But Wyoming doesn't have bamboo that she can harvest and make handmade paper from. She was meanwhile not interested in doing figures of people or animals. That left out cowboys and bison.

She had no idea what she was going to do.

As the couple entered Wyoming, Roswell turned a thoughtful eye out the car window, looking at the landscape with her inner artist's eye.

"I was sort of astounded," she said. "I grew up on the East Coast. Here there were really no trees. It was so vast and wide open."

Her first impression was of hills, undulating and brown, like warm suede. 

On subsequent trips to get the lay of the land, she noticed all the stratification of rocks -- layers of time, laid down over millions upon millions of years, compressed into inches. She knew the pattern in the rock meant something to a geologically trained eye.

I thought, you know I really love that, Roswell said. I'm going to, I want to do something like that.

But she didn't want to just paint the layers. That felt boring and wrong.

"Then my next thought was, I'm going to do that in fabric," she said. "Then my next thought was, I'm going to do strips of fabric. Im going to do that with old clothes."

Unusual Materials Have Always Attracted

"I have always been attracted to unusual materials," Roswell said. "And working with my hands, just layering and forming things."

She credits her mother and father for that. Both were makers, Roswell said, even if they did not know they were artists, too.

They made cakes and pies from scratch and would never think of bringing something to a potluck that came from a box.

Her mother knitted scarves and blankets, and her father, who was self-employed, built things, too.

"So, my parents were very supportive, when I was a child, of art lessons," she said. 

And when she wanted to go to University of Buffalo in New York for an art degree, they were supportive of that as well.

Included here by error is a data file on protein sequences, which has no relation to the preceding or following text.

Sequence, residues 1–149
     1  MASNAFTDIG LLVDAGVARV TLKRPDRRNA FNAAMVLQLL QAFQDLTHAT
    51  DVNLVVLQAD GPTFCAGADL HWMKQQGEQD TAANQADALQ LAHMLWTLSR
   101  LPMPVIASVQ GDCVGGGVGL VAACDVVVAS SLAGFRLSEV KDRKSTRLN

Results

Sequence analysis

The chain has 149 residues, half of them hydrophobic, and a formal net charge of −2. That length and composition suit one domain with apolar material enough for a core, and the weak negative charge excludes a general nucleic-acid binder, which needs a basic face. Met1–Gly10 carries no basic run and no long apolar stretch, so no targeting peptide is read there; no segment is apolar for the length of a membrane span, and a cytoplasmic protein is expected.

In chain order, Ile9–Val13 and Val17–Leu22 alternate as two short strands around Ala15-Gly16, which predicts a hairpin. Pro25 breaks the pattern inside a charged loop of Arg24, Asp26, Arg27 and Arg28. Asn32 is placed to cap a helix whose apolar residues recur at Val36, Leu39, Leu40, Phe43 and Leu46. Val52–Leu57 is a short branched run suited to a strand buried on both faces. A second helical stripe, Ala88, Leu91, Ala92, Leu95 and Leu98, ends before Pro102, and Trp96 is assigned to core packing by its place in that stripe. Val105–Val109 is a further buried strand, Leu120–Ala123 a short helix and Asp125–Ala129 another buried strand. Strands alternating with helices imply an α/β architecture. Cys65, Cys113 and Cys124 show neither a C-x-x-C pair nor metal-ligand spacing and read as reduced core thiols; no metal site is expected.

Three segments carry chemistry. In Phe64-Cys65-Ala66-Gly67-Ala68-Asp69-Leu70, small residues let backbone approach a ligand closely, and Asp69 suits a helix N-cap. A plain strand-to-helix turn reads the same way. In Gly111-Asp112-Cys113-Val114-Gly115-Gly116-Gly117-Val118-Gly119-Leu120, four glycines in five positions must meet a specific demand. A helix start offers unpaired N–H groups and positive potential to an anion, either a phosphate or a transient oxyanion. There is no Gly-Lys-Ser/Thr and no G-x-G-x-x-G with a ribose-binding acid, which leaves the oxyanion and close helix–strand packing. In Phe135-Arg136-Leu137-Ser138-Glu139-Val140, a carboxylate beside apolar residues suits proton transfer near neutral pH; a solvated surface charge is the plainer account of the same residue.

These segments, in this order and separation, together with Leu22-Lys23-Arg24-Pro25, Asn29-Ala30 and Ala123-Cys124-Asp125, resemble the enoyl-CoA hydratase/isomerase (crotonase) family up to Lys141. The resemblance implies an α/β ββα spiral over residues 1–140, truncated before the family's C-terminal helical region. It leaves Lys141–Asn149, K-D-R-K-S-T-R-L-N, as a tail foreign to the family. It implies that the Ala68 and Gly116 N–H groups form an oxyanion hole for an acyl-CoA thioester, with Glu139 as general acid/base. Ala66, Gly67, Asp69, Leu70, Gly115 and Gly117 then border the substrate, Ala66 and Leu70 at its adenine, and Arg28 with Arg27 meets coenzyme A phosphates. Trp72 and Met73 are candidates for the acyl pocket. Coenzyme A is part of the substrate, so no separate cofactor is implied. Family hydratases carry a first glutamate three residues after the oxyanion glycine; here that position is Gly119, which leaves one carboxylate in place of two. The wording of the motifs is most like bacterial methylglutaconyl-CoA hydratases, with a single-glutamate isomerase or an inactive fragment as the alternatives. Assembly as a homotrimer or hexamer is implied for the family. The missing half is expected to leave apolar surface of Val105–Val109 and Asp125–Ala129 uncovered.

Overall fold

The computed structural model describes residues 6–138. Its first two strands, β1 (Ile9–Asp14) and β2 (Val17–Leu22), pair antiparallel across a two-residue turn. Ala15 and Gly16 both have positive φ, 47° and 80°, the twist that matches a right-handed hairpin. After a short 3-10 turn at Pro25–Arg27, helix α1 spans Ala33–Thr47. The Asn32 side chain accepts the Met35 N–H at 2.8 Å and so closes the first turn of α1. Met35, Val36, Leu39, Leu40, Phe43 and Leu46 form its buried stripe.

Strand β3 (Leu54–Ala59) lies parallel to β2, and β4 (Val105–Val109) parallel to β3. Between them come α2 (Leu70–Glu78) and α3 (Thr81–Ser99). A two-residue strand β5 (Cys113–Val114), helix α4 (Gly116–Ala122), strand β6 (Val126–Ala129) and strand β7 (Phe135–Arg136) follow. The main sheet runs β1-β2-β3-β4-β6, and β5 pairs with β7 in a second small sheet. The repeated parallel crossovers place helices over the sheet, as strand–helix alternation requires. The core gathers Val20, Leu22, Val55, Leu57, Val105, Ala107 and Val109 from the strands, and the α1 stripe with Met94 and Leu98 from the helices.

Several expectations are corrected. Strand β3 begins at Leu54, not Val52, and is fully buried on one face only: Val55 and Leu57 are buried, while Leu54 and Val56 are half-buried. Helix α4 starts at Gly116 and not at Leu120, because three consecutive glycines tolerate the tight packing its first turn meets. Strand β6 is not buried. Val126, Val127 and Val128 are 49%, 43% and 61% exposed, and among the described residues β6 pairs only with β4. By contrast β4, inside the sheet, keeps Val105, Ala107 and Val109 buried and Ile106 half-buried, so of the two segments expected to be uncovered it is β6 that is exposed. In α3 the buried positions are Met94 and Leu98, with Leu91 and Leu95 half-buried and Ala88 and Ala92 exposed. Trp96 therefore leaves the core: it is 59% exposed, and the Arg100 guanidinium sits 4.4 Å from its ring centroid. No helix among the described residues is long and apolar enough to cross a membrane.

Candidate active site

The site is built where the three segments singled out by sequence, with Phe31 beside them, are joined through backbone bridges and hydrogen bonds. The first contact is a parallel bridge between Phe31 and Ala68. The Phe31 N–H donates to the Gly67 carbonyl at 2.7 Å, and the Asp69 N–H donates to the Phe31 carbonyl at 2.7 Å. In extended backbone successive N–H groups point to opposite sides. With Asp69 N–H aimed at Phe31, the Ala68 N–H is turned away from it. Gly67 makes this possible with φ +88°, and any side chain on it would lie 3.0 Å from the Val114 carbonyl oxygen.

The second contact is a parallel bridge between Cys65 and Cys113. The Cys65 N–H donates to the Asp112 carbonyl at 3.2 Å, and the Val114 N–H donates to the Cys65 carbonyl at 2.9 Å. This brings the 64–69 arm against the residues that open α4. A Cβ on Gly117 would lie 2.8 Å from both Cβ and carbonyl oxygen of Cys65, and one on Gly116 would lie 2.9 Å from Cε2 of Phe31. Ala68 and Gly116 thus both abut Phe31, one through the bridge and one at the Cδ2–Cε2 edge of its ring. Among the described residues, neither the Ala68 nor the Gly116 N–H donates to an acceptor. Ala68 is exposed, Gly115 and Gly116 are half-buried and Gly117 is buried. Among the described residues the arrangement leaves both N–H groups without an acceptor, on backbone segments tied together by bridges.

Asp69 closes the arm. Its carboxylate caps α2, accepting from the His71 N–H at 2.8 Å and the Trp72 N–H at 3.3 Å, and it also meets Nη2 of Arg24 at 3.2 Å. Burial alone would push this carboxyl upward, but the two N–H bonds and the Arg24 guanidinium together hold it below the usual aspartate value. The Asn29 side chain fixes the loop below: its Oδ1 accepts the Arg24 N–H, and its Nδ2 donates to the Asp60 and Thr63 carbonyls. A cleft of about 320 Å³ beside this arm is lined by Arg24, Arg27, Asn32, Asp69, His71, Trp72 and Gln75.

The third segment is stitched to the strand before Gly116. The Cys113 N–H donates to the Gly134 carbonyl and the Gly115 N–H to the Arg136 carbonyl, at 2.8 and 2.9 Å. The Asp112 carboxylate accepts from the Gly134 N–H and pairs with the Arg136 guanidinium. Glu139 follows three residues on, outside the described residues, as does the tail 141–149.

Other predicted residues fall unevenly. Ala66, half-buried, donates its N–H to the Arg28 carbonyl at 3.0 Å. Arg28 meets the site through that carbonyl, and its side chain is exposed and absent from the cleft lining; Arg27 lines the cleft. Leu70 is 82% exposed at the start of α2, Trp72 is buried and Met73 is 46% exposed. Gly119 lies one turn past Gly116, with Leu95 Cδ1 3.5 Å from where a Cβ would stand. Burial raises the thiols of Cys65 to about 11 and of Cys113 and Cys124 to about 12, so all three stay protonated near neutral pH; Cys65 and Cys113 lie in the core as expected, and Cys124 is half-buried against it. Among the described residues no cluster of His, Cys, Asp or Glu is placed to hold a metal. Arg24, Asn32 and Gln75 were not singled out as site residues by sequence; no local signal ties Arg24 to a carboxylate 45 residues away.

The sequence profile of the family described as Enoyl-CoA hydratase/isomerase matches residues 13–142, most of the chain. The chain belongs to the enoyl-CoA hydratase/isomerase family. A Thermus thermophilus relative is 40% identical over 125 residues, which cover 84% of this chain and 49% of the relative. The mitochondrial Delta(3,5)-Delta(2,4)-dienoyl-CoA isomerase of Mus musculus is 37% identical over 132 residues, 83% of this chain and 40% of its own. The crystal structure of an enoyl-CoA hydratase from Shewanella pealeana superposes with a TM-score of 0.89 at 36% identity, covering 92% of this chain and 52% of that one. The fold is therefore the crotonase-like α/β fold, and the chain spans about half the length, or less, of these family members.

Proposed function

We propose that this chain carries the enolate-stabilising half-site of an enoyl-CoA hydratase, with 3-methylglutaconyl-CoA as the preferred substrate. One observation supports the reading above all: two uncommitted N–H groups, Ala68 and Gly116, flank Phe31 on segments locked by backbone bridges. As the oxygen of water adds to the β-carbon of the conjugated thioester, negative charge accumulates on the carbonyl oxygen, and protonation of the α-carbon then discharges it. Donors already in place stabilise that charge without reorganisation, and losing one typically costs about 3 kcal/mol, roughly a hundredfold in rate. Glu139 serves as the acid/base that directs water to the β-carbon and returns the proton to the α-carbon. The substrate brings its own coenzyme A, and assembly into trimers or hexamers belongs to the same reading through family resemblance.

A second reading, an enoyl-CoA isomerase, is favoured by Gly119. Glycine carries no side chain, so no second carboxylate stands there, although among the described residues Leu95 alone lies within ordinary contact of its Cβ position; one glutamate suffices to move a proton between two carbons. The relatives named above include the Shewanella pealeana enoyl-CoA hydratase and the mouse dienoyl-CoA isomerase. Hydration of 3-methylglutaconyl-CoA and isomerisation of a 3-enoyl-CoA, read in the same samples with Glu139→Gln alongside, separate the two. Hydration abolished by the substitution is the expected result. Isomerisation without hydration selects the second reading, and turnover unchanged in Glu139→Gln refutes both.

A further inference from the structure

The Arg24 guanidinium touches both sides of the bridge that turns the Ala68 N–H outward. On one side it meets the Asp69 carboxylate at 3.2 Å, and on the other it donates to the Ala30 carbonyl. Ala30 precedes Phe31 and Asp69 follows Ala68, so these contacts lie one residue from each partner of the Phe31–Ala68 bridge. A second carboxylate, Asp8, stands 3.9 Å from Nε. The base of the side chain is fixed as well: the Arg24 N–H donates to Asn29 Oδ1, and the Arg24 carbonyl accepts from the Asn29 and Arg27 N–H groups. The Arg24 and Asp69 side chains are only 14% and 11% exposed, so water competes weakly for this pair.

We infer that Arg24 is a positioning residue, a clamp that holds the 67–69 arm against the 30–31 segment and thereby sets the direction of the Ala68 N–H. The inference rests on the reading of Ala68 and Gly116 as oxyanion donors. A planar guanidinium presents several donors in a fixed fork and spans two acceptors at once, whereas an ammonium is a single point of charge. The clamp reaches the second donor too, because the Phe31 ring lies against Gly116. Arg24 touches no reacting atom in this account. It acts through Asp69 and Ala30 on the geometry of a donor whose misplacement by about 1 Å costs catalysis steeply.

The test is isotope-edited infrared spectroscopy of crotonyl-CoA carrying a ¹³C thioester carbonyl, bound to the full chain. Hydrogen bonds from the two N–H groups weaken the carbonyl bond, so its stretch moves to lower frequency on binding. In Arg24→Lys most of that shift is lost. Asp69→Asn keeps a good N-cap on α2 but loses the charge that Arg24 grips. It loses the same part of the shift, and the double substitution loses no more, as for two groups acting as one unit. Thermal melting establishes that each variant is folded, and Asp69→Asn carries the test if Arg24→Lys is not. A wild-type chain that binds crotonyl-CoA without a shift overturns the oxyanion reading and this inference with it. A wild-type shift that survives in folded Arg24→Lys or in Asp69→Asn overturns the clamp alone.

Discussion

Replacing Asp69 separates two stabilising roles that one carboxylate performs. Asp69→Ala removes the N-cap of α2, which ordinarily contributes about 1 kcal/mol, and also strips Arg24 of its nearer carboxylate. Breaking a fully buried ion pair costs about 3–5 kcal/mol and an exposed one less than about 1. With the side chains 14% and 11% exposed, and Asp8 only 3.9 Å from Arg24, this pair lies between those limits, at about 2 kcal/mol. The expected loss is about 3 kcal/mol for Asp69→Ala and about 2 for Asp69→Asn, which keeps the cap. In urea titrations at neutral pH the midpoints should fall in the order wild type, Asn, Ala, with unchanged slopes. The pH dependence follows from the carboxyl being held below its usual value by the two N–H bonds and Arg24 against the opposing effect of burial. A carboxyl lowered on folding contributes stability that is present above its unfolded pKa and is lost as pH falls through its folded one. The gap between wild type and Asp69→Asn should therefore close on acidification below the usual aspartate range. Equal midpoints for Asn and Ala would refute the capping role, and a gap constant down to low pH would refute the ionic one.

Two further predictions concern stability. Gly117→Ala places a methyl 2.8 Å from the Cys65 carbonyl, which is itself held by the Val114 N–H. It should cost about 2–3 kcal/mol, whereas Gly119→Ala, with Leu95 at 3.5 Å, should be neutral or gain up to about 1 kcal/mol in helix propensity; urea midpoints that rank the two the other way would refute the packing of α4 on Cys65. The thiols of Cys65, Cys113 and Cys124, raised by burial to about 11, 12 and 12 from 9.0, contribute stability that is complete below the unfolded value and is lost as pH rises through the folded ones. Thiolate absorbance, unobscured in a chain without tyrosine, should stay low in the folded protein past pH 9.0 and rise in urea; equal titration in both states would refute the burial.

While at the university, she focused on fiber and textiles. She did some clothing design and made wedding gowns.

The cloth felt important in some way. It reminded her of her mother knitting things for her family, and her father building things for people, to make his living.

Seeing Is The Real Art

But her surroundings also play a part in her artist vision.

Each time I have moved, my art has evolved, she said. 

New materials, new landscapes -- somehow a unique and new vision has always emerged, a way to see the world anew.

That vision, Roswell said, is what she hopes to be remembered for one day. 

A friend, who came to one of her art shows in Georgia, told Roswell, I never thought I lived in a beautiful place until I saw your work. I'm going to drive home tonight and look at the landscape through your eyes.

That compliment is one of the best Roswell believes she's ever received. She values it as much as, or perhaps even more than, prestigious awards she has won over the years, like the Western Spirit award from Cheyenne Frontier Days or the Wyoming Arts Council's biennial Artists Fellowship, one of the state's most coveted.

"To know that what I do helps people to see the world around them in a different way," Roswell said. "That's one of the things I'd like to be remembered for, helping people to see the world differently."

It's still a beautiful world, Roswell believes, even if there's sometimes ugliness as well.

Sometimes, it just takes the right eye to capture that beauty, and then highlight it in a way that helps everyone to remember it.

If You Go

Georgia Roswell's textile art inspired by Wyomings geology will be on display April 7-30 at Blue Door Arts, 1608 Capitol Ave. in Cheyenne. 

Share this article



Renée Jean

Business and Tourism Reporter